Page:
One of the most important records ever made, John Coltrane's A Love Supreme was his pinnacle studio outing, that at once compiled all of the innovations from his past, spoke to the current of deep spirituality that liberated him from addictions to drugs and alcohol, and glimpsed at the future innovations of his final two and a half years. Recorded over two days in December 1964, Trane's classic quartet--Elvin Jones, McCoy Tyner, and Jimmy Garrison-- stepped into the studio and created one of the most the most thought-provoking, concise, and technically pleasing albums of their bountiful relationship. From the undulatory (and classic) bassline at the intro to the last breathy notes, Trane is at the peak of his logical and emotionally varied soloing, while the rest of the group is completely atttuned to his spiritual vibe. Composed of four parts, each has a thematic progression. "Acknowledgement" is the awakening to a spiritual life from the darkness of the world; it trails off with the saxophonist chanting the suite's title. "Resolution" is an amazingly beautiful, somewhat turbulent segment. It portrays the dedication required for discovery on the path toward spiritual understanding. "Pursuance" searches deeply for that experience, while "Psalm" portrays that discovery and the realization of enlightenment with humility. Although sometimes aggressive and dissonant, this isn't Coltrane at his most furious or adventurous. His recordings following this period--studio and live-- become progressively untethered and extremely spirited. A Love Supreme not only attempts but realizes the ambitious undertaking of Coltrane's concept; his emotional, searching, sometimes prayerful journey is made abundantly clear. Clocking in at 33 minutes; A Love Supreme conveys much without overstatement. It is almost impossible to imagine any jazz collection without it. ~ Sam Samuelson and Thom Jurek
$57.49

Jazz - Released November 17, 1998 | Impulse!

Distinctions The Qobuz Ideal Discography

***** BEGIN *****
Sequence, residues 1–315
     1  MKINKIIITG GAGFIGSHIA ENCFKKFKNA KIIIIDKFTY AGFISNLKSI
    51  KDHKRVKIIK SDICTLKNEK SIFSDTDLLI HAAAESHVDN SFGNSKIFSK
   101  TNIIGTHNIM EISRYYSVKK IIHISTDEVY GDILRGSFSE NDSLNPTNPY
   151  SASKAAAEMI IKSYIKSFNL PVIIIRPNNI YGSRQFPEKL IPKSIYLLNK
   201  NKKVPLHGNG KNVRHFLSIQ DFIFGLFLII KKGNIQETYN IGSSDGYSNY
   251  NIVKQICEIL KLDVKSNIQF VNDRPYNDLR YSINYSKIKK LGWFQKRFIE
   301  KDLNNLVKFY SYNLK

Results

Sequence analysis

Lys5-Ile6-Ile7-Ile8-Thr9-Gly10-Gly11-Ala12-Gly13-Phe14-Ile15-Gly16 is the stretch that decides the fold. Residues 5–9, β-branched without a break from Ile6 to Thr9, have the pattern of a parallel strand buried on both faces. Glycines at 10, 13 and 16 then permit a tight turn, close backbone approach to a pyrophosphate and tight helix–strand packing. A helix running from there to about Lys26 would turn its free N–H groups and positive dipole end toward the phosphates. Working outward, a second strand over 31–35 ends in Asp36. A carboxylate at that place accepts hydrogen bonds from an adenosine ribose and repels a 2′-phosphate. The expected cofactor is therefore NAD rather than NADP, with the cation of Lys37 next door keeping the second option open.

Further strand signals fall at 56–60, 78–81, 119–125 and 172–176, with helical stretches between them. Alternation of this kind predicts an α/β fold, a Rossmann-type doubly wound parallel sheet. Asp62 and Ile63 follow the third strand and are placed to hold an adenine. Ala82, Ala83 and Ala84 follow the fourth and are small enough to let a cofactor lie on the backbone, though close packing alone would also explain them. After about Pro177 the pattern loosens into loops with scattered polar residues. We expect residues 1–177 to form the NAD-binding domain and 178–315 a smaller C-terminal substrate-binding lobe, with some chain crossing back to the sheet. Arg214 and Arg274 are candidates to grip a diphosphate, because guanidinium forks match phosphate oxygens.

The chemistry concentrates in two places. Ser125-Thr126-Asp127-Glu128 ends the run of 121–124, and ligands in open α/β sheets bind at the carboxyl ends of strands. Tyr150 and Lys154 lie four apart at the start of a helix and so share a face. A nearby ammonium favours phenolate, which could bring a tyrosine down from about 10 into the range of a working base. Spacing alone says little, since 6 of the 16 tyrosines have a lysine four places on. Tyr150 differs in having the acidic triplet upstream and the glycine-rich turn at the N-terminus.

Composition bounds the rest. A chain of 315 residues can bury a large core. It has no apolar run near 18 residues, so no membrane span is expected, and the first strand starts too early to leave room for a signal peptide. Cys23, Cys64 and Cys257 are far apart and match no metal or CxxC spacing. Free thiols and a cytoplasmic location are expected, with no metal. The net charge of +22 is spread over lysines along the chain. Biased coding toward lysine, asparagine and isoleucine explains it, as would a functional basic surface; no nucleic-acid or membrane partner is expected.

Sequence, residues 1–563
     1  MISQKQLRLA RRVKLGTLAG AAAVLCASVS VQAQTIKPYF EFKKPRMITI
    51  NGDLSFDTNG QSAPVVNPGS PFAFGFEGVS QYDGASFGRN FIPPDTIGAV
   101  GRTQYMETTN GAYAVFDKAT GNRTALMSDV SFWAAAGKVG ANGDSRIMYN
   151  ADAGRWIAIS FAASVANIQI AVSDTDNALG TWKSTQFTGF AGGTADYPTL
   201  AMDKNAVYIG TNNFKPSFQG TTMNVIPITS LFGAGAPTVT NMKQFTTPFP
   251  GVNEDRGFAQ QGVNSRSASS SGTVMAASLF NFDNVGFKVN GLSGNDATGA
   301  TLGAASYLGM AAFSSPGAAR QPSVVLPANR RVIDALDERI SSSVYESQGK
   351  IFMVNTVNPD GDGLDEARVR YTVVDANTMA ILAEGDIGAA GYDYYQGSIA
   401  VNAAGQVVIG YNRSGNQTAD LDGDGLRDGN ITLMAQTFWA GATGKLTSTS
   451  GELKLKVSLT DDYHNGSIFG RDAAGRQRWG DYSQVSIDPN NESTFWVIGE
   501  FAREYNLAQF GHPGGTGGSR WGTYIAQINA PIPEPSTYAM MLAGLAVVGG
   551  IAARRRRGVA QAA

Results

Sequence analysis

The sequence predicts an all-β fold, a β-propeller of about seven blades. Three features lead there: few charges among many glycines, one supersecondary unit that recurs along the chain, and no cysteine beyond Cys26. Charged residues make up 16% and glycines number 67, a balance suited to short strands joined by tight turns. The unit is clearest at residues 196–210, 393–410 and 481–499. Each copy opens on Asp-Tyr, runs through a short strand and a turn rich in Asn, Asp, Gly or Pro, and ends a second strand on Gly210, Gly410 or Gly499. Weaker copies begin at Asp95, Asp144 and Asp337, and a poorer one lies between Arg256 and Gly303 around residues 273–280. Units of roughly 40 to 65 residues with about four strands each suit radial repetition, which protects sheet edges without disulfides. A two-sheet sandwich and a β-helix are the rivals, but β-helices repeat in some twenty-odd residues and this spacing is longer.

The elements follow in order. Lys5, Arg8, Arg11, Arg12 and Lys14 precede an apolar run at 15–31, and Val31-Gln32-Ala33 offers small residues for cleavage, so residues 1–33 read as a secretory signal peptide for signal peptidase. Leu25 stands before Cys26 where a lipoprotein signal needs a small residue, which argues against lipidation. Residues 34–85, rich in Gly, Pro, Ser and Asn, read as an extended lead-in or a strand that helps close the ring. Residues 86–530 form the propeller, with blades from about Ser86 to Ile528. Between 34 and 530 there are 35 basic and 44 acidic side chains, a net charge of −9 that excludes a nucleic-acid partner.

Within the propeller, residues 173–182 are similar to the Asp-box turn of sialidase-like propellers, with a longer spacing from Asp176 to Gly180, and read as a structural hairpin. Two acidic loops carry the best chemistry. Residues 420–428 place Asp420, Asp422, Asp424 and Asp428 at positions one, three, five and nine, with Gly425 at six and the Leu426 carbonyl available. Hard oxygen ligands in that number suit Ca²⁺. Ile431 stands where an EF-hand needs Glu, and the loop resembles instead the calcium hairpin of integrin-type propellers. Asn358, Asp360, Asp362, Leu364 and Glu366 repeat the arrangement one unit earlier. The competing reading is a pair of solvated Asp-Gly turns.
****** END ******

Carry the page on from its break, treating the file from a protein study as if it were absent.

Here it is: eight CDs worth of John Coltrane's classic quartet, comprised of bassist Jimmy Garrison, pianist McCoy Tyner, and drummer Elvin Jones, recorded between December of 1961 and September of 1965 when the artist followed his restless vision and expanded the band before assembling an entirely new one before his death. What transpired over the course of the eight albums and supplementary material used elsewhere is nothing short of a complete transfiguration of one band into another one, from a band that followed the leader into places unknown to one that inspired him and pushed him further. All of this transpired in the span of only three years. The group that the saxophonist had assembled for Coltrane in 1962, a band that had been together a little while and had performed together at the Village Vanguard (the tracks that include the quartet without Eric Dolphy from Impressions are here, and, in fact, the first pieces on the set are from those session dates chronologically) in a variety of settings, is almost nothing like the band that made Kulu Se Mama in 1965. For a change, the oft-employed yet irritating chronological method of compiling a box makes sense here. McCoy Tyner's piano style, that rich open-ended modal chromaticism he developed was at work on "The Inchworm," astonishingly enough the first work recorded in the 1962 studio dates. "Out of This World" was one of the last from that session that would produce the album Coltrane. The blues element that would disappear from later records -- at least consciously -- was the driving force behind ballads like "Soul Eyes" and "After the Rain." But it isn't until the latter end of 1963 that we hear the band beginning to gel into the unit that would make A Love Supreme and create the tracks that would be assembled into First Meditations for Quartet. There are the two alternate takes of "Alabama," and the soprano solo that is positively danced around by the rhythm section on "Dear Old Stockholm." There is also the great schism in Coltrane, much that took place between the June 1964 session that produced "Crescent" (and its first version is on disc eight, which is full of supplementary and unreleased material) and the following December when A Love Supreme was recorded. Here is the hinges in the whole box, the questions that need to be resolved than that this box only begs more than answers: what happened to that tight conscripted modalism Coltrane had been working on in his official releases prior to that time period as many of them hold clues but never give away the entire picture. What the box does in its voluminous way is set the record straight that there was no retrenchment in pursuant releases to A Love Supreme. There were softer moments on record, but the material in the can was far more adventurous recorded at about the same time, such as the "Suite" or "Transition" or "Dusk Dawn." Disc eight is also a treat in that it contains seven "works in progress" from all periods in the quartet's history. It begins with the aforementioned version of "Crescent," which is appreciably different than the master take in Tyner's solo particularly. There's also an incomplete though steaming initial take of "Bessie's Blues." Perhaps the most beautiful thing on the final disc is the alternate take of part II of A Love Supreme's "Resolution," with its elongated obligato by Coltrane and Tyner's gorgeous tenths playing ostinato during the saxophone solo. There's an alternate of "Feelin' Good" that's no big deal, followed by breakdowns and alternate takes of both "Dear Lord" and "Living Space," both of which reveal the harmonic development of a scale as it becomes the architectural model for the rest of the composition and improvisation. There can be no arguing the value of the originally released recordings; whether they were issued during Coltrane's lifetime or after his death, they tell a story that millions of listeners formed their impressions by, true or false, and created a legacy that lives on. But there is also something to be said for setting the record straight, and the chronological approach that this set takes in no way desecrates the integrity of the original albums themselves -- unlike the Ornette Coleman box. Simply put, it is indispensable to those who need a deeper understanding of Coltrane's music and the development of his most influential period. The sound quality is fully remastered to 20-bit technology, and the package is unwieldy but beautiful and sturdy. It's a must. ~ Thom Jurek